WWF notes that the Tokyo 2020 Olympics "are far" from being sustainable
The environmental NGO WWF said Monday that the organization of the Tokyo 2020 Olympic Games "raises serious doubts" about the sustainability of the sporting event, due to its standards for using natural resources such as wood, fishery products or palm oil.
|Tokyo 2020 Olympics sustainable, WWF.|
The organizers of the next Olympics have placed respect for the environment among their top priorities for the Olympic event, and in January 2016 they established a code for the sustainable use of resources and services.
However, WWF believes that Tokyo 2020 is “far away” from reaching its goal of getting the next Olympics to be “at the forefront of sustainability,” according to the environmental organization in a letter sent to the International Olympic Committee and published Monday. .
The protocols established for the use of raw materials such as wood, paper, fishery products or palm oil are “far below the best existing practices worldwide and are inappropriate for a global event like the Olympic Games,” he says. in the note the executive director of WWF Japan, Ron Tsutui.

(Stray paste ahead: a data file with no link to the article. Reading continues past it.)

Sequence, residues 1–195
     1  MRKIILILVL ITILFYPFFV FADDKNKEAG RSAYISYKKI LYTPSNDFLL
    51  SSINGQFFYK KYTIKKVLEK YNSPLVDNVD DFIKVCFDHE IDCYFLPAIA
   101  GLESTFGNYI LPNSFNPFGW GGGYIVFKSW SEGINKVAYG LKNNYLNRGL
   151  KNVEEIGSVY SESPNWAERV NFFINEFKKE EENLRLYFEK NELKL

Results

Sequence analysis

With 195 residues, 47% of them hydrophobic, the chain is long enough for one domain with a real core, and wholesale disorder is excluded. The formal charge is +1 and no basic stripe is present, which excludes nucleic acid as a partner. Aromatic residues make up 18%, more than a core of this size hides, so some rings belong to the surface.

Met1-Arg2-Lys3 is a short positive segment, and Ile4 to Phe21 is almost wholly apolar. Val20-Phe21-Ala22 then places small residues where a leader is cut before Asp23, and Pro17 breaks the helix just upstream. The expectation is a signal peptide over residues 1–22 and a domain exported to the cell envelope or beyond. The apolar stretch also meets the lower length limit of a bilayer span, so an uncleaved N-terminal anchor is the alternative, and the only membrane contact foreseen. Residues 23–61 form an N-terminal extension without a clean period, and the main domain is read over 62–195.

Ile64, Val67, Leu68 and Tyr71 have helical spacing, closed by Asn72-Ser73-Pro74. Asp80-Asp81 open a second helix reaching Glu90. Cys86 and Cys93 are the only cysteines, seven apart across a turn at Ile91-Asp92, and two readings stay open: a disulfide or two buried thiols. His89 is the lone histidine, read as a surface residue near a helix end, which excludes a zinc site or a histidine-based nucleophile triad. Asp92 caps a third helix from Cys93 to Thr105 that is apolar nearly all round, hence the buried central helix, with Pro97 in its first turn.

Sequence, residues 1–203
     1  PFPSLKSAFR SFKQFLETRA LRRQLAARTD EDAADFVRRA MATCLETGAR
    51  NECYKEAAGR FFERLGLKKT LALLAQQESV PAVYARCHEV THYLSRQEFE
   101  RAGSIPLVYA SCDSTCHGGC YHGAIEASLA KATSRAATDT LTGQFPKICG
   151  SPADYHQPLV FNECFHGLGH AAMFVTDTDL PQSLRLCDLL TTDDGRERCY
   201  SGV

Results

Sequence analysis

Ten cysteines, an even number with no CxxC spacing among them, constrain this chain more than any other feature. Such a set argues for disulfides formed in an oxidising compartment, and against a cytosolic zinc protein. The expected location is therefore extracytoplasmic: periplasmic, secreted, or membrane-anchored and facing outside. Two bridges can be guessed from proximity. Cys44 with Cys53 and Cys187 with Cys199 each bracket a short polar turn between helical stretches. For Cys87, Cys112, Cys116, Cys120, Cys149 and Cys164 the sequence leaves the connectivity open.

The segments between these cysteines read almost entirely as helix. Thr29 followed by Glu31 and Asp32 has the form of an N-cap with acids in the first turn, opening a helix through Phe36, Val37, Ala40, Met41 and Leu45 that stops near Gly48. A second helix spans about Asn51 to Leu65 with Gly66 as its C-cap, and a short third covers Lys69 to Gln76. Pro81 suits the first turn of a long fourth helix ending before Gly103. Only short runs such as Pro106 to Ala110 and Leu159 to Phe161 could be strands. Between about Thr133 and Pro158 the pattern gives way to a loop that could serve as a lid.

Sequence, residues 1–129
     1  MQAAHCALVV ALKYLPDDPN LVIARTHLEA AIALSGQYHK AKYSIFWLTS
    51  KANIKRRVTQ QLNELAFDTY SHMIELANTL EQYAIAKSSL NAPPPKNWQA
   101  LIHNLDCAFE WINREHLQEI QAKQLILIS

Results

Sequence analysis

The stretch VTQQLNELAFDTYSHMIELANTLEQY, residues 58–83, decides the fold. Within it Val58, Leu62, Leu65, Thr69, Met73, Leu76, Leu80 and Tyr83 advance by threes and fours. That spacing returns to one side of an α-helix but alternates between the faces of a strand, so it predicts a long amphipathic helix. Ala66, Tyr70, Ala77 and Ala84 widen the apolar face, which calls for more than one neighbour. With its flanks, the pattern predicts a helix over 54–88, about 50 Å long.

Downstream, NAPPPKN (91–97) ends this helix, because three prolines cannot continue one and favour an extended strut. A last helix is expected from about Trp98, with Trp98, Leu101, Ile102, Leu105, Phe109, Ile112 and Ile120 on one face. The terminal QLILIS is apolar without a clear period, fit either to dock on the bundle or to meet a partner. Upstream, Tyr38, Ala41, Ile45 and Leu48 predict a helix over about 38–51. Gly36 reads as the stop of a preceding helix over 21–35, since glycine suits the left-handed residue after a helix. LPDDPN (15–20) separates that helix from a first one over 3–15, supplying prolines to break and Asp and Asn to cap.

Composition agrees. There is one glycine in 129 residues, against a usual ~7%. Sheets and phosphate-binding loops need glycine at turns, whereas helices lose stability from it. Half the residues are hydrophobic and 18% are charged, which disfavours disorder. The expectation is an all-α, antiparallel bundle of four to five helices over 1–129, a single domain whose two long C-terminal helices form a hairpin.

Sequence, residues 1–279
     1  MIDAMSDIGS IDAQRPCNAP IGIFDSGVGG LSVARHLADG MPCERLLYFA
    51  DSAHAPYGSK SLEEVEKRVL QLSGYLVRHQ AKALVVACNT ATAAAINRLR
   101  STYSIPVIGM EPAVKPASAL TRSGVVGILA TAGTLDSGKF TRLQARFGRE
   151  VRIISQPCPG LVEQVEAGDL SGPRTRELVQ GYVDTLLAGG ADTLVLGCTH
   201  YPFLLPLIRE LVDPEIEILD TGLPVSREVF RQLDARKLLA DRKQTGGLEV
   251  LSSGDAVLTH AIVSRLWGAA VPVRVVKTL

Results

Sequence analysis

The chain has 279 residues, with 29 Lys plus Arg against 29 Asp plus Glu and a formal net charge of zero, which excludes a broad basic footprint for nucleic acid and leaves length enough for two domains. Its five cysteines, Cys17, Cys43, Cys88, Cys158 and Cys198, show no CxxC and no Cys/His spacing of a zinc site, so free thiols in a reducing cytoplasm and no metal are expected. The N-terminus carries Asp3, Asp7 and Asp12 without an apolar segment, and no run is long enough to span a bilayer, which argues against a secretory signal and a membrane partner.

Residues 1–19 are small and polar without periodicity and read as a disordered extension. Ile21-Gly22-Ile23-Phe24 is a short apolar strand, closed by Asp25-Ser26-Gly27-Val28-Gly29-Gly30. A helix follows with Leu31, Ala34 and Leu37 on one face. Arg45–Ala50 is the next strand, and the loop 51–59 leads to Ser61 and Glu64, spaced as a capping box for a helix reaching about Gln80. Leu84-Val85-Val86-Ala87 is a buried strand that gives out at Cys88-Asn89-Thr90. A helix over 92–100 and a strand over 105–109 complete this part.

He also criticizes that the organizing committee “has shown little interest” for the advice of the working group established by the Tokyo 2020 officials themselves in order to write these standards, and of which the aforementioned environmental organization was part.
Among the specific requests made by WWF is to set principles to have more detailed information on the origin of all the raw materials used in the Games, as well as to make a final external report that evaluates the resources used.
This NGO affirms that a high profile event like the Olympic Games "has a duty to show leadership" when it comes to using and consuming natural resources in a sustainable way, as well as "leaving a legacy that helps transform society."
In its code of sustainable use of resources, Tokyo 2020 states that “it will comply with all current regulations”, in addition to taking into full consideration “the impact of its policies from the point of view of climate change, the scarcity of natural resources or loss of biodiversity, business practices or human rights ”.